‘No Tears Shed’: Iraq War Veterans Cheer Qasem Soleimani’s Death

**ADVANCE FOR SUNDAY, AUG. 3 AND THEREAFTER** Sgt. J.R. Salzman, a five-time world log rolling champion, and wife, Josie, sit in their apartment in Menomonie, Wis., Wednesday, Feb. 6, 2008. Salzman lost his right arm when his Humvee was hit by EFP, an explosively formed penetrator, while leading a fuel …
Jae C. Hong/AP Photo

As politicians and pundits bickered over the Trump administration’s killing of Islamic Revolutionary Guard Corps (IRGC) Quds Force leader Qasem Soleimani, another group quietly cheered his demise: the Iraq War veterans who saw close-up the effect of his brutal campaign against them.

Many of those veterans experienced his work firsthand.

Army veteran J.R. Salzman was leading a convoy through Baghdad, Iraq, on December 19, 2006, when his Humvee was struck by a particularly lethal Iranian-made weapon known as the EFP, or the “explosively-formed penetrators.” The shrapnel entered through his window, amputated his right arm, tore through his left, and gave him a traumatic brain injury.

He landed at Andrews Air Force Base that Christmas Eve and was at Walter Reed Medical Center for nine months. Salzman refused to let his injuries get the best of him and continued to win world titles in log-rolling and today owns a successful woodwork business.

But after hearing about Soleimani’s death, he sent his friend, radio show host and Marine veteran Jesse Kelly a message: “I’m so fucking happy right now. Best Christmas present ever.”

“I felt like we got a bit of justice,” Salzman said in an interview with Breitbart News. “That those of us who are forever scarred or wounded finally got a bit of justice.”

During the Iraq War, the Quds Force under Soleimani’s command began flooding Iraq with EFPs, as well as other deadly weapons, that were responsible for nearly 20 percent of all U.S. combat deaths in Iraq, according to the Pentagon.

Retired Army Gen. Stanley McChrystal told the New Yorker in 2013 “there was zero question” where the EFPs were coming from. “We knew where all the factories were in Iran. The E.F.P.s killed hundreds of Americans.”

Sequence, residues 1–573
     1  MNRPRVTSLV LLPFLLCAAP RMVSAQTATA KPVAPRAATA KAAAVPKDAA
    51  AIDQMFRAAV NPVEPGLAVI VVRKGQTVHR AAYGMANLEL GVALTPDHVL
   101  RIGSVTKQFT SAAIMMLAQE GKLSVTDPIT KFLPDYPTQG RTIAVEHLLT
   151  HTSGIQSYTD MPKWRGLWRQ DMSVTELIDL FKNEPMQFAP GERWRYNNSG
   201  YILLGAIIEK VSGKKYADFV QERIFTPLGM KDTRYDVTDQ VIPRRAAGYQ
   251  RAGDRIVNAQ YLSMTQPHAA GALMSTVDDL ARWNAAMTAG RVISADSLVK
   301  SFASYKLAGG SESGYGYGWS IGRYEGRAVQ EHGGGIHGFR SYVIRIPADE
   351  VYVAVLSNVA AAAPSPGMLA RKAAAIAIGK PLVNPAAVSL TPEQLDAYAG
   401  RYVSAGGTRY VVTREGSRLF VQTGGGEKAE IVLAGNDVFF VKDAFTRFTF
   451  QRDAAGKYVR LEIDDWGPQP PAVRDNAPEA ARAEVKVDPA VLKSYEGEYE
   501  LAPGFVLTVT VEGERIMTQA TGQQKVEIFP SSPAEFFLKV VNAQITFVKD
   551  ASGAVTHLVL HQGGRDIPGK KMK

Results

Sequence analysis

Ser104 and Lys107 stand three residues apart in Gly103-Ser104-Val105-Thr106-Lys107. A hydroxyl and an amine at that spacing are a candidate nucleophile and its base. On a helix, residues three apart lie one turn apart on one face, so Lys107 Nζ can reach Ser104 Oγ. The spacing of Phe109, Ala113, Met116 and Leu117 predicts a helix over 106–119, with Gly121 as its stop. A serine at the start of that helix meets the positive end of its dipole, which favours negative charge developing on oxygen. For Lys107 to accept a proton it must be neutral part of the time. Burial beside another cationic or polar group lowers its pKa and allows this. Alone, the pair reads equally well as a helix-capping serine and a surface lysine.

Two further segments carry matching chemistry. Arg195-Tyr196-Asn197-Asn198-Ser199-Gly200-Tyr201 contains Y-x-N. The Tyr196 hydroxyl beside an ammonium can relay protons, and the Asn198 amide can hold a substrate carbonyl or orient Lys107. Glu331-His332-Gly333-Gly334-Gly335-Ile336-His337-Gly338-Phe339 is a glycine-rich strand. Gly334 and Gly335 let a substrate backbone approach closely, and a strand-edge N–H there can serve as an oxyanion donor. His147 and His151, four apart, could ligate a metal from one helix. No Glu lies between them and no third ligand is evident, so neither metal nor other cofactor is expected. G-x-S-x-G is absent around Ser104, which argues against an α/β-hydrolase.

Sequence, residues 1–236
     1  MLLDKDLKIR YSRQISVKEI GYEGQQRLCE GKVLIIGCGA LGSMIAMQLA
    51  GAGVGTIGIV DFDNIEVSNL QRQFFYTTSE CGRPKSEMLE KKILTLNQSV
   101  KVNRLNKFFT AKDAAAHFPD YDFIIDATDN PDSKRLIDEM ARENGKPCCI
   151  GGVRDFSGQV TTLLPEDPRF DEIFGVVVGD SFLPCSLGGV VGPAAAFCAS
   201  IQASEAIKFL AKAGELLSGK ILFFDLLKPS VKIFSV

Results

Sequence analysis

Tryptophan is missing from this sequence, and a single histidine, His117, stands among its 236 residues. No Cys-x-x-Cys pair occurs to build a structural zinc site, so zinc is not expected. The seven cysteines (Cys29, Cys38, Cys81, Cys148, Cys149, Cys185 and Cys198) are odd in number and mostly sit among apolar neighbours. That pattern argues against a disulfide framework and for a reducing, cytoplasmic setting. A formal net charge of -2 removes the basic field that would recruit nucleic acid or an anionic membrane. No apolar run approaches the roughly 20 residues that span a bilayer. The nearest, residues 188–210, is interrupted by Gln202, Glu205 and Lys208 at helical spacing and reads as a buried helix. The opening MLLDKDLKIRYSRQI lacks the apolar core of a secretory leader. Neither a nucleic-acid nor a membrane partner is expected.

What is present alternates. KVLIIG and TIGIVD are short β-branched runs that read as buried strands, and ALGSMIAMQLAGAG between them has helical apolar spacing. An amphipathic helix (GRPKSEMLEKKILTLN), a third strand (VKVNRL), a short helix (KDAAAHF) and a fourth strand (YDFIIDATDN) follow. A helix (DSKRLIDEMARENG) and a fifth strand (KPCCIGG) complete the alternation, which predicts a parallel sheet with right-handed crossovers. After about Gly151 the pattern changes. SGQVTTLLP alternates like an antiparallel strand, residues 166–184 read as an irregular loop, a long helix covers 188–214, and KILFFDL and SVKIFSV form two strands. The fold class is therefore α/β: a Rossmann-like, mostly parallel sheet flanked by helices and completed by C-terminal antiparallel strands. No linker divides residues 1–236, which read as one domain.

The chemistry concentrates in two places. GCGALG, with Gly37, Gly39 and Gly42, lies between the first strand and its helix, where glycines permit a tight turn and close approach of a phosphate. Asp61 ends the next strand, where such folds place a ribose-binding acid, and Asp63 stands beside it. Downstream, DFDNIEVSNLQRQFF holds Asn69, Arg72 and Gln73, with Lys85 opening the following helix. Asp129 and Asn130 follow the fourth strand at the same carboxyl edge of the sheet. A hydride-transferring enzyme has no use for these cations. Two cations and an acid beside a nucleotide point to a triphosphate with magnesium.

American officials even considered crossing into Iran to attack training camps and bomb factories. “Some of us wanted very badly to hit them,” one senior American officer told the magazine.

Matt Swanson, an Army veteran, said he has personally had friends killed by EFPs and was glad to see Soleimani go:

One of the things I did as an NCO while I was awaiting my medical retirement from combat injuries was escort a young soldier from my unit whose body had been nearly cut in two by an EFP. He, along with my company commander were killed that day. Because of the condition of his body I had to do the casualty escort mission twice over the space of a couple months to take remains back to his family.

So to answer your question, I have no issue with the strike to kill Soleimani, either as a retired soldier or as an average American. Soleimani would never step on the battlefield against us in Iraq so I’m glad to see Trump being willing to reach out and touch him.

A Marine veteran told Breitbart News that he personally knew three Americans killed in Iranian-connected attacks in Iraq. One of those was Marine Maj. Megan McClung, who was killed in 2006 by a roadside bomb in Ramadi, Iraq.

He tweeted to CNN’s Jake Tapper:

“I was satisfied that for a change an Iranian official actively pulling strings in Iraq had been made to pay for their arrogance. And with zero collateral damage,” he said about Soleimani’s death.

Many other veterans took to Twitter to comment on his death, speaking of “justice” being delivered.

Even veterans on the left, or those who said they were not particularly fond of the president, celebrated Soleimani’s death:

Swanson said Trump was not his top choice for president, but said Democrats’ criticism of Trump’s decision to kill Soleimani has made it difficult for him to support a Democrat for president in 2020.

“In my opinion, and the opinion of most of the veterans and every day Americans I know, the Dems have done nothing but damage to their brand with their opposition and public statements about the strike,” he said.

“It’s unfortunate that something that should be viewed as a win for the United States (at least within the United States) should be sullied by one political party’s dislike for the President,” he added.

Salzman said those who suggest that Trump’s killing of Soleimani somehow derailed “a good working relationship with Iran” are forgetting about the more than 600 Americans killed, and the hundreds more more injured in the Iraq War at the hands of Iranian weapons.

“It’s like we don’t even exist,” he said.


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